Re-legalizing duplexes, triplexes and fourplexes in fancy Portland neighborhoods would create homes with “unaffordable average market-rate rents of $1,823/month,” one resident of a fancy Portland neighborhood warned the Oregon legislature this week.
The home she owns, according to the Multnomah County assessor’s office, is currently worth $529,710. (Approximately equivalent monthly rent: $3,661.)
Other residents made the exact opposite argument.
“I oppose HB2001 as it will make my neighborhood no LONGER a neighborhood but unsightly areas of quickly/cheaply built dwellings (NOT homes),” wrote one man.
As Oregonians debate a bill that would strike down local bans on “middle housing” in the state’s larger cities and other urbanized areas, it can sometimes be easy to lose perspective on one’s place in the world. For people who’ve been blessed by the housing market over the last 20 years, that probably goes double.
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So, what sort of homes is this Cascadian state arguing about legalizing?
Middle-class ones, basically.
Portland’s locally initiated fourplex legalization proposal would be just one of many ways a city could meet the requirements of House Bill 2001, which would let local governments set the size and form of the newly legalized housing types.
It’s already obvious that if we don’t reform zoning one way or another, most of the new homes that get built on redevelopable low-density lots in desirable cities will be only for the rich. But if we’re in search of hard numbers to inform Oregon’s statewide bill, a Dec. 11 presentation about Portland’s proposal is a good place to start.
Under Portland’s plan, a new fourplex on a standard lot could be built to a maximum size of 3,500 square feet, total: four 875-square-foot two-bedroom homes. The city-commissioned analysis found that in a relatively close-in loop of Portland neighborhoods—Eastmoreland, North Tabor, Concordia and Arbor Lodge, as of 2017—a newly built fourplex could command rent of about $1,900 a month for each two-bedroom on the open market.
That’s just 4 percent above the federal affordability standard of $1,831 for a three-person Portland household. In other words: in Portland, legalizing fourplexes would create new homes in these fairly close-in areas that would already be affordable to middle-class Portland households on the day they’re built.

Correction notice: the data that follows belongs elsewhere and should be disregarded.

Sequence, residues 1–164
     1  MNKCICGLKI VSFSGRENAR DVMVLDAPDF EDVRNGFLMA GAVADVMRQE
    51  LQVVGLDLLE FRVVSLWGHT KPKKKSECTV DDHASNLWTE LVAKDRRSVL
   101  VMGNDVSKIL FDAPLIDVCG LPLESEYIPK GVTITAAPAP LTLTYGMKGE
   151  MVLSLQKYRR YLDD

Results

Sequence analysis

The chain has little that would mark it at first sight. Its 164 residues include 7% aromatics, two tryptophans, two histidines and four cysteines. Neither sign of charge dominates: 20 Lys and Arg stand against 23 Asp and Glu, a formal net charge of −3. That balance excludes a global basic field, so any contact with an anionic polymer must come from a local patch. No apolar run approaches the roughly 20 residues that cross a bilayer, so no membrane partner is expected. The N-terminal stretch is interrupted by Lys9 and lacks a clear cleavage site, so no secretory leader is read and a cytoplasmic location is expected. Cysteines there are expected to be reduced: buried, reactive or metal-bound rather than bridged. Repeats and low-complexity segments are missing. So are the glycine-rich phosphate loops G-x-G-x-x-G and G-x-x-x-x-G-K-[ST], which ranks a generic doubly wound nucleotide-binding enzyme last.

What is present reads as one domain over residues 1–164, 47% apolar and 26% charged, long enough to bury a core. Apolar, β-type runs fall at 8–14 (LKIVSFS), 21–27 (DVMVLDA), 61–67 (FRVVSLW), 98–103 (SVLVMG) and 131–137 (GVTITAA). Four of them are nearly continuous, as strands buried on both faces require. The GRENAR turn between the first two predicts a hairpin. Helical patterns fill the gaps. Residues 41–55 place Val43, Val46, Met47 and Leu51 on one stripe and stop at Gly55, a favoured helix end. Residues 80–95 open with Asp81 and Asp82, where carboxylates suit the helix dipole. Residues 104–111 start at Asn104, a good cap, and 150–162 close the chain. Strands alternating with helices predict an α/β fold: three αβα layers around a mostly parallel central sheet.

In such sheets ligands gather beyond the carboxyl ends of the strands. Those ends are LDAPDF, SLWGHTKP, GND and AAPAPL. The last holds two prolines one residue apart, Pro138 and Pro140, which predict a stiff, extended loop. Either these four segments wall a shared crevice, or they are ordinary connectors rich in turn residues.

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If the homes were subdivided into a little condo building and sold individually, each would go for about $270,375. With 20 percent down and a 4.75 percent mortgage, that leaves a monthly payment of about $1,467 a month for the two-bedroom.
The city-commissioned study calculated that over the next 15 years, the most profitable thing to build on a few hundred low-density lots in that ring of neighborhoods would be 1,179 such homes. (It works out to 20 new fourplexes per year.) Similarly, thousands more homes could be built elsewhere in the city, with higher prices per square foot closer to downtown and lower prices further out.
These homes would, if built and filled, prevent middle-income people from unintentionally buying their way into homes that previously belonged to poorer people. (A different city study released last week estimated that they’d reduce demolition-related displacement of low-income households in affected areas by 28 percent.) To more directly serve deeply disadvantaged households, a zoning reform like this would need to be combined with direct housing subsidies. (Portland’s plan is written to encourage that, too, and other Oregon cities should follow suit.)
But should also remember that this “middle housing” would be affordable to middle-income Portlanders—even in areas where both new and old housing prices have soared far out of reach of the middle class over the last few years—without a dime from city tax coffers.
Cascadia’s cities have been growing fast, and as a result they face lots of housing problems. Middle housing is a solution for one of those problems.
It’s not the only thing we have to do. But it’s not bad, either.
Maybe that’s why, at Monday’s hearing, the supporters lined up for House Bill 2001 included the speaker of Oregon’s House, the Multnomah County chair, AARP of Oregon, Habitat for Humanity of Oregon, The Street Trust, the Mid-Columbia Housing Authority of Hood River and the Rogue Action Center of Medford, not to mention two invited technical experts: Portland State University planning professor Marisa Zapata and housing economist Mike Wilkerson.
Monday’s hearing in Salem was the first of several. You can track it and other state-level housing reform bills in the Pacific Northwest this year by subscribing to our “housing shortage solutions” newsletter here.